Forest Home of Lord of the Rings Elves FSC-Certified by the Rainforest Alliance
Lothlórien is “the fairest of all the dwellings of my people,” Legolas says in the Lord of the Rings. “There are no trees like the trees of that land.” Indeed, as the backdrop to Peter Jackson’s epic trilogy, New Zealand’s stunning forests nearly stole the show. Fans may be surprised to learn that Queen Galadriel’s forest dwelling is also a working forest, certified by the Rainforest Alliance to the Forest Stewardship Council (FSC) standards for social, environmental and economic sustainability.
The foresters of Lindsay & Dixon, an FSC-certified, integrated timber company based in New Zealand’s South Island, work in some of the most gorgeous native Beech forests in the world. To maintain the health of these forests, the logging area is managed under a government-approved sustainability plan. The Waitutu Holding Company, the local Maori entity that owns the land, and Lindsay & Dixon’s sawmilling and processing operations have all been FSC-certified by the Rainforest Alliance since 2004. To earn FSC certification, forestry operations must undergo a detailed on-the-ground assessment—including input from all interested parties, species inventories, management plan reviews and forests inspections—that confirms their compliance with the FSC’s comprehensive criteria for environmental, economic and social sustainability.
Not only is Lindsay & Dixon the largest supplier of local Beech timber and veneer in New Zealand, it is the only FSC-certified forestry company working in the country’s native forests. “Going back 10 years or so when we first decided to pursue FSC certification it was unknown in New Zealand. There was no one asking for FSC-certified timber at that time,” said Bernie Lagan, managing director of Lindsay & Dixon. “For us it was a personal decision given the nature of our business, with our links to the Maori community and native forestry.”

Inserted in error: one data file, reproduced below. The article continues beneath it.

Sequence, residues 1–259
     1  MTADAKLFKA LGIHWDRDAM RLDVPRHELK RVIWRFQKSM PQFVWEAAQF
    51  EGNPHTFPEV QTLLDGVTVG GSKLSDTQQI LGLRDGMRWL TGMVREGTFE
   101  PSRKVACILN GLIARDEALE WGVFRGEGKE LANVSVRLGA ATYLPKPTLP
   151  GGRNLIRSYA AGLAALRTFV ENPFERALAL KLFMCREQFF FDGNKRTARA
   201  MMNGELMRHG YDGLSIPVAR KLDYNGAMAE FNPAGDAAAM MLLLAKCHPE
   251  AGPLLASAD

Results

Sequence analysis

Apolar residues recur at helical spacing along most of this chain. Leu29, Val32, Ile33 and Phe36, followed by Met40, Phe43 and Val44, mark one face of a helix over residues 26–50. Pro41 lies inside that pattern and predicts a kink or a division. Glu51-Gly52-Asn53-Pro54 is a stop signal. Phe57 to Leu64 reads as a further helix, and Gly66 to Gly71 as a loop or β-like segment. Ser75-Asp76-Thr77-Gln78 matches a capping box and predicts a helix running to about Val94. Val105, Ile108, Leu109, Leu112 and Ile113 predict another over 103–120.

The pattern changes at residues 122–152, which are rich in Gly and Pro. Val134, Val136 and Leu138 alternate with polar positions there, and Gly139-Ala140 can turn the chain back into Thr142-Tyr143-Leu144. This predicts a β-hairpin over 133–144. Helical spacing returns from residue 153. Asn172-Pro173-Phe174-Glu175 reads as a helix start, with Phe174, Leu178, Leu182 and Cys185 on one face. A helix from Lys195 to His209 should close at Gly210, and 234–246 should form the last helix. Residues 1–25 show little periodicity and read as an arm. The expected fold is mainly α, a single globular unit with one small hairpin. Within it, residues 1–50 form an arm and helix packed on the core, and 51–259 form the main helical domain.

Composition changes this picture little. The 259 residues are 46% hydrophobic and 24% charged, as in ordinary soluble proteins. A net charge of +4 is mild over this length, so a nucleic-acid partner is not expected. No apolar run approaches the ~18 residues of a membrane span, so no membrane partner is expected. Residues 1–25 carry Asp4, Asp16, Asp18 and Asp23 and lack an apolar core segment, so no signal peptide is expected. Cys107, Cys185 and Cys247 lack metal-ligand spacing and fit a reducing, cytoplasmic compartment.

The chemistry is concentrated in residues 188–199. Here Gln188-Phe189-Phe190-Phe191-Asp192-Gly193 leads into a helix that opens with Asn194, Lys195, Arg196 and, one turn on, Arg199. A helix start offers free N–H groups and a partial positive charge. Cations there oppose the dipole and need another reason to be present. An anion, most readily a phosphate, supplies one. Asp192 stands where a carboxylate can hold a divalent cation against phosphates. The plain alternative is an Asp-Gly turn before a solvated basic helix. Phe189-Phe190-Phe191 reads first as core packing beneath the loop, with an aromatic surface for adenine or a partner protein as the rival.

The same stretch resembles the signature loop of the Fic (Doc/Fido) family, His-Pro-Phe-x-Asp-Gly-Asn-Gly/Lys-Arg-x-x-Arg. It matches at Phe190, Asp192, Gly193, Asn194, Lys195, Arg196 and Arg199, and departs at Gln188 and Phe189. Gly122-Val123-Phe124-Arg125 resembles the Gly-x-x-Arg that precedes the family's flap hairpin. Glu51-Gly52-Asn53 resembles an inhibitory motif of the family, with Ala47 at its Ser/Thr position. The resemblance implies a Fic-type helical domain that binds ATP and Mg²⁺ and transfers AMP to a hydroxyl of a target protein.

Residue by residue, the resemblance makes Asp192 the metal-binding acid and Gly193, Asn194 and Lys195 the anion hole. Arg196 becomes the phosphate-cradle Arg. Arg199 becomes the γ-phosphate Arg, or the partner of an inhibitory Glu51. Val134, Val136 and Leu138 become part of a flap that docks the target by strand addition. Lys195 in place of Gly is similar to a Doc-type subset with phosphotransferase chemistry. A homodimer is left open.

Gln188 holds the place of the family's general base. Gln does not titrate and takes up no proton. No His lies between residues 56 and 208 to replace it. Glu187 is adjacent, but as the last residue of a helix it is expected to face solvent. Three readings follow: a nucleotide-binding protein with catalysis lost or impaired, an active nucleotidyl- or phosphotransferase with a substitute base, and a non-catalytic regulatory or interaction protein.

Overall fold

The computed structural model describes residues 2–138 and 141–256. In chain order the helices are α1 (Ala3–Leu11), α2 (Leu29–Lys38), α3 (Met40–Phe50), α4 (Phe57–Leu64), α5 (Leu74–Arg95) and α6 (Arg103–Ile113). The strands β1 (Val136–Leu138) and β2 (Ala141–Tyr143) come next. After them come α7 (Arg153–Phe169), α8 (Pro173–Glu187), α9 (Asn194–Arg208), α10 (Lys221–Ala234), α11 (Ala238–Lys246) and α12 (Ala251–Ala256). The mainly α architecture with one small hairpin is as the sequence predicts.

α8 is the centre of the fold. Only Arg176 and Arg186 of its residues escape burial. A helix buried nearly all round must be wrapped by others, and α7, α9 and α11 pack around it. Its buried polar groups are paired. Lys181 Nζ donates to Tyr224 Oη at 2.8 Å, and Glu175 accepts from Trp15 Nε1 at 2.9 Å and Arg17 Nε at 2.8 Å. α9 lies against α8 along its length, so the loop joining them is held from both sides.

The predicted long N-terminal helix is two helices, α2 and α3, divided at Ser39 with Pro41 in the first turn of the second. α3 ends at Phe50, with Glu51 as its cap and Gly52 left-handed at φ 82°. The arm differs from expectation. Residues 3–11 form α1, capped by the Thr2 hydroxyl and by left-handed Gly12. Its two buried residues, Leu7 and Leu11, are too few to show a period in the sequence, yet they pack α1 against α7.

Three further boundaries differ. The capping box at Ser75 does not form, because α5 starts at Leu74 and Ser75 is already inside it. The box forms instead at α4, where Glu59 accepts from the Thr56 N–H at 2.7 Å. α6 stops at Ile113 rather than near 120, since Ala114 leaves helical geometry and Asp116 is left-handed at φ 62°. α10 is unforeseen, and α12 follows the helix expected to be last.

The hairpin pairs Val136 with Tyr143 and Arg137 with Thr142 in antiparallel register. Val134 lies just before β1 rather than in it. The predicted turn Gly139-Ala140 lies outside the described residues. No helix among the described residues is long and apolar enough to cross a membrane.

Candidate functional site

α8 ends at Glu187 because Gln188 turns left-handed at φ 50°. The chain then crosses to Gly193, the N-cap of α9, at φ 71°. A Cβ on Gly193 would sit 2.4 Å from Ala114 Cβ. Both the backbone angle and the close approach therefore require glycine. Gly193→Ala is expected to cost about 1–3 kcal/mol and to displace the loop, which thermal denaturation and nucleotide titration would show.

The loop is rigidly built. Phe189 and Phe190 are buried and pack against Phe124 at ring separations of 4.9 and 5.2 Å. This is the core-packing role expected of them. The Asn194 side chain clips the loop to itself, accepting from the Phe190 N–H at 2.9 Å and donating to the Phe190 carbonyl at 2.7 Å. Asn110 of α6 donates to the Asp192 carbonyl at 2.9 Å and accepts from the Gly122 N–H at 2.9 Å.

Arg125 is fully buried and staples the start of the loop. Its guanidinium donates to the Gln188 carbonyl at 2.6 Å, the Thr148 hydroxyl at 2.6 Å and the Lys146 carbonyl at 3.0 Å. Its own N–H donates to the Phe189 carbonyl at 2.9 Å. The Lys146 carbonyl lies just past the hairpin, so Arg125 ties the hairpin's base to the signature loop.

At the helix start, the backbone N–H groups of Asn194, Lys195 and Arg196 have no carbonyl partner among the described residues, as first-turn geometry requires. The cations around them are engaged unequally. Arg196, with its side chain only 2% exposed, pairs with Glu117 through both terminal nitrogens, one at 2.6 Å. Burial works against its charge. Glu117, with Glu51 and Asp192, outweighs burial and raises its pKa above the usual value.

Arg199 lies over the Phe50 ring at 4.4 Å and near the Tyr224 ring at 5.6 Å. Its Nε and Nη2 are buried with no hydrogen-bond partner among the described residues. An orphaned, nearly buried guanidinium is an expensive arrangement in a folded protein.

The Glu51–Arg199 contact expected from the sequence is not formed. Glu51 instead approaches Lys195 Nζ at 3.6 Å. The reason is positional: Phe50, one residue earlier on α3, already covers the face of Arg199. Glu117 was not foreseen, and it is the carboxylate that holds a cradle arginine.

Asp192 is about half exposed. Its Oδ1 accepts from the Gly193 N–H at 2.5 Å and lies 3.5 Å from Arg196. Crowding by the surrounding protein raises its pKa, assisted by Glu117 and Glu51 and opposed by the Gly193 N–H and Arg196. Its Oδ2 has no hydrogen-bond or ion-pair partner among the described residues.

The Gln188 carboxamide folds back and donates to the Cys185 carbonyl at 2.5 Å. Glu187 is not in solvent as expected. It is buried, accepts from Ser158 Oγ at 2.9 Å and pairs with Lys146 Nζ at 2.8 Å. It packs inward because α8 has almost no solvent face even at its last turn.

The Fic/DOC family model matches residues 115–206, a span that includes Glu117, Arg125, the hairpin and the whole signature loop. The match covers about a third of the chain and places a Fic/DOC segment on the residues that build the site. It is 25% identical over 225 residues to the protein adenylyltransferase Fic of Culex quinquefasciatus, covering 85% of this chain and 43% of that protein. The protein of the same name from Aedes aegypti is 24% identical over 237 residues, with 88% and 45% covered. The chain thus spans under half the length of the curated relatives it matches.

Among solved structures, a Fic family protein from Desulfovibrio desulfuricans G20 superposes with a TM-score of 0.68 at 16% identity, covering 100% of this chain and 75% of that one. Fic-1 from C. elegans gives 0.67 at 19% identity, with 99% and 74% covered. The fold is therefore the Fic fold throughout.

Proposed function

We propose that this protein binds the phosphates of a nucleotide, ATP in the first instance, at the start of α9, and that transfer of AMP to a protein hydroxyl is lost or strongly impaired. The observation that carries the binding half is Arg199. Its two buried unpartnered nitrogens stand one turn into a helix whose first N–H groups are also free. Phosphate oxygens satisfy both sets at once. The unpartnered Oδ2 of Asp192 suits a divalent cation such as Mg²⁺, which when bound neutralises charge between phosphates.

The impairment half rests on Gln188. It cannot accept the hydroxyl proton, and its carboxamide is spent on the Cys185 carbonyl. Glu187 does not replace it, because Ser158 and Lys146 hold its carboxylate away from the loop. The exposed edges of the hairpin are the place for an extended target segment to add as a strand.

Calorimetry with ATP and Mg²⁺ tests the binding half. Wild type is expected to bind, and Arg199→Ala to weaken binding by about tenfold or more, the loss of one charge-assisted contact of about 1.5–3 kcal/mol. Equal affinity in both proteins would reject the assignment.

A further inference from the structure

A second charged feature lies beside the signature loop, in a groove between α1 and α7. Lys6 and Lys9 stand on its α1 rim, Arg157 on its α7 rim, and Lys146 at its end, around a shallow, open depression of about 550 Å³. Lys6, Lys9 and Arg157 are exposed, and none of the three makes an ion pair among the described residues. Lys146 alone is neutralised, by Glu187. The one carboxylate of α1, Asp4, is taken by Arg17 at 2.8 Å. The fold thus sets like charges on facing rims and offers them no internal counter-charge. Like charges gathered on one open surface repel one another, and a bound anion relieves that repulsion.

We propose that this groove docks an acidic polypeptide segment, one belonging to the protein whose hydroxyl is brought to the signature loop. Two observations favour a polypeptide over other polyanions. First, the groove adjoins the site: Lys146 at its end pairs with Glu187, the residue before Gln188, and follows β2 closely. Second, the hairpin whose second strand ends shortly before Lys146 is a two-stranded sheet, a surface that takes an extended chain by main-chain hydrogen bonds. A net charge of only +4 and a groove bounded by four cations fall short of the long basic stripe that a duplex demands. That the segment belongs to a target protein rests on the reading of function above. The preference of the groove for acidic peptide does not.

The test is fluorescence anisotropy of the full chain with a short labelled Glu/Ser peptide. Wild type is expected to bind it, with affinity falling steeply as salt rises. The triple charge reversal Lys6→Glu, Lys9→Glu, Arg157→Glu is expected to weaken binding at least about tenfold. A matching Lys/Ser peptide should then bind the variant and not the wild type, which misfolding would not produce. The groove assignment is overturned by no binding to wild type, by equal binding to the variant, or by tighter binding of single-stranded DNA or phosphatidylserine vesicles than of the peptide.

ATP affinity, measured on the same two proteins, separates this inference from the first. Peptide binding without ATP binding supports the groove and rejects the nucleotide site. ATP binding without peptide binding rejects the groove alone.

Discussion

The company has a 100-year contract with the Waitutu Holding Company to log the 30,000-acre (12,000-hectare) Longwood and Rowallan forests of the Western South Island. Forestry and wood processing are an important part of the economy in the Southland region (which includes the Southwestern portion of the South Island and Stewart Island), where Lindsay & Dixon are based. By employing local Maori workers in its forestry operations, the company has played an important role in the economy after the government ceased state logging of native timber; its Tuatapere-based logging business employs 50, in a tiny town of 700, in plants equipped with cutting-edge technology .
Given the significant increase in demand for FSC-certified wood in green building specifications, the architectural world has been a particular focus for the company in recent years. New Zealand’s native Maple Beech and Cherry Beech timbers—similar to American Maple, Cherry, Birch and European Beech—have a fine, even texture and excellent finishing that make them ideal for architectural projects.
Lindsay & Dixon veneers and paneling now feature in the Supreme Court building in Wellington, where the courtroom atrium is shaped in the distinctive triangular pattern of the native kauri tree.
Under the company’s careful management—and with stunning representation in some of New Zealand’s most important buildings—the country’s native Beech forests should survive for a millennia. In this respect, they’re more similar to Tolkein’s Lothlorien forest than fans may imagine.